• Thus, the Finance Commissions have always favoured assigning more than 75% weight to equity indicators.

Tax contribution in distribution formula

  • Even though some States have been arguing for increasing the weightage for efficiency indicators such as tax effort and fiscal discipline, these indicators have received lower weights as they are unstable. 

  • The tax effort is affected by discretionary tax policies and unexpected changes in actual tax bases. 

  • The fiscal discipline is affected by contractual payments such as salaries, pensions, and interest payments, as well as the tied-grant-induced expenditures of States. 

  • An objective measure of tax contribution by States, given the stability in tax structure, should be a good indicator of efficiency and be assigned a larger weight

  • GST satisfies this criterion.

  • GST is a consumption-based destination tax that is equally divided between the State and Central governments

  • In other words, the State GST accrual (inclusive of Integrated GST settlement) to a State should be the same as the Central GST accrual to the Union government from that State

  • Therefore, accurately estimating the tax contribution from a State to the Union exchequer is feasible under GST

  • Since GST is a unified tax system, the calculations by these authors show that there is not much of a variation in the tax efforts of States

  • However, the absolute amount of GST revenue generated from each State would differ by the size and structure of States’ economies, and this marks the importance of the inclusion of this tax contribution as an efficiency indicator in the distribution formula

  • A State’s GST contribution is not affected by discretionary tax policies of the State; it only reflects the accurate tax base of the State that is being exploited for the national good.

  • In addition to GST, petroleum consumption is also an indicator of tax contribution to the national exchequer

  • The Union excise duty and sales tax on petroleum products are outside GST

  • The cascading tax burden of these two taxes in addition to the burden of customs duty on petroleum imports falls on the final consumers of petroleum products in a State.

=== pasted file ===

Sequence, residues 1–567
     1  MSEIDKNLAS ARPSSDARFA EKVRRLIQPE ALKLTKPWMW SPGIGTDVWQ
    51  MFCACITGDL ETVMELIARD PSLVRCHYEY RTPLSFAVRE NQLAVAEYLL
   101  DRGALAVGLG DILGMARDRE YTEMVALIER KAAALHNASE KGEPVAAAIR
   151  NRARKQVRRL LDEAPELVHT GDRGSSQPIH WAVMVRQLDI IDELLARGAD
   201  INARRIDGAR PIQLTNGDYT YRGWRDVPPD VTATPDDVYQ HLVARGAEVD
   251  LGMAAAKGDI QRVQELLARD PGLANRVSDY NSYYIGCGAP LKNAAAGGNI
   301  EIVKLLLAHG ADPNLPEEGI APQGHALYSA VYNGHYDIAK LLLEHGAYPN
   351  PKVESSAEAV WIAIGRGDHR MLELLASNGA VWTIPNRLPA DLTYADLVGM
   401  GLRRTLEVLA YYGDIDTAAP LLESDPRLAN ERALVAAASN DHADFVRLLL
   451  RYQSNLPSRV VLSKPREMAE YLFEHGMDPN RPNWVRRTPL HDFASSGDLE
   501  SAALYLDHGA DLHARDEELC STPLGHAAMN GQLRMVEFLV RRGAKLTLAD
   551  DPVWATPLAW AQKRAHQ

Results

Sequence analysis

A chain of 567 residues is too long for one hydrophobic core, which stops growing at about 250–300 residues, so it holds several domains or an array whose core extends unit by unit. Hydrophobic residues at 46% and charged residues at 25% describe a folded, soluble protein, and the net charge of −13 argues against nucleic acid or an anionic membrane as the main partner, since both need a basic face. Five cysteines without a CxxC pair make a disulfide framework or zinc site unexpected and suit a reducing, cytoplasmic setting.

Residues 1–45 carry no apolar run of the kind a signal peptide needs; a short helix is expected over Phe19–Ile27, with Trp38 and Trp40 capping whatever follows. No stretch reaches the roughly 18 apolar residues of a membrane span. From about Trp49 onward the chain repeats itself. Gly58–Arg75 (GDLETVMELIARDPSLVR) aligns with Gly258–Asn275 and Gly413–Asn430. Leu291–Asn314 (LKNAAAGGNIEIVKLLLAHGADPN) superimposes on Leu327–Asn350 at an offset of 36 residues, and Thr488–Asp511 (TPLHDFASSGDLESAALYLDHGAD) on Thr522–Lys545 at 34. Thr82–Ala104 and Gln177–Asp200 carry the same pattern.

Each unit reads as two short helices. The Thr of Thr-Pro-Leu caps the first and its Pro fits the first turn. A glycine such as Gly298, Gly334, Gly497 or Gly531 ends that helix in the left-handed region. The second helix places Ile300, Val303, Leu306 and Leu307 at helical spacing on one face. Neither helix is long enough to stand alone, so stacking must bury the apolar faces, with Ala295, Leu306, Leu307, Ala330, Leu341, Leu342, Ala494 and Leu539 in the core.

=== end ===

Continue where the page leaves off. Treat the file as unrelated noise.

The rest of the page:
• Just like GST, the relative shares of petroleum consumption vary across States, but such shares are stable over time for every State. 

  • Therefore, the relative share of a State’s petroleum consumption reflects the relative contribution of the State to the national exchequer in the category of Union excise duties and customs duties on petroleum products.

  • Including the relative GST contribution and petroleum consumption of a State in the distribution formula is irresistible for yet another reason, that is, both these two ratios indicate the relative differences in the incomes (both personal and corporate) accrued to the residents

of a State because consumption is a function of income. 

  • The share of CGST and Union excise duty is about 30% of States’ share in Central tax revenue in 2021-22 and the similar ratio for personal and corporate income taxes is 64%.

  • Thus, the two relative contributions, namely GST revenue and petroleum consumption, of States are fair and accurate measures of States’ contributions to the national exchequer and a good measure of efficiency

  • There is a persuasive case for the 16th Finance Commission, recently constituted by the Union government, to debate and include these ratios

as a measure of efficiency with a weightage of at least 33% in the distribution formula.


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Learnerz IAS | Concept oriented UPSC Classes in Malayalam: Finance Commission UPSC NOTE
Finance Commission UPSC NOTE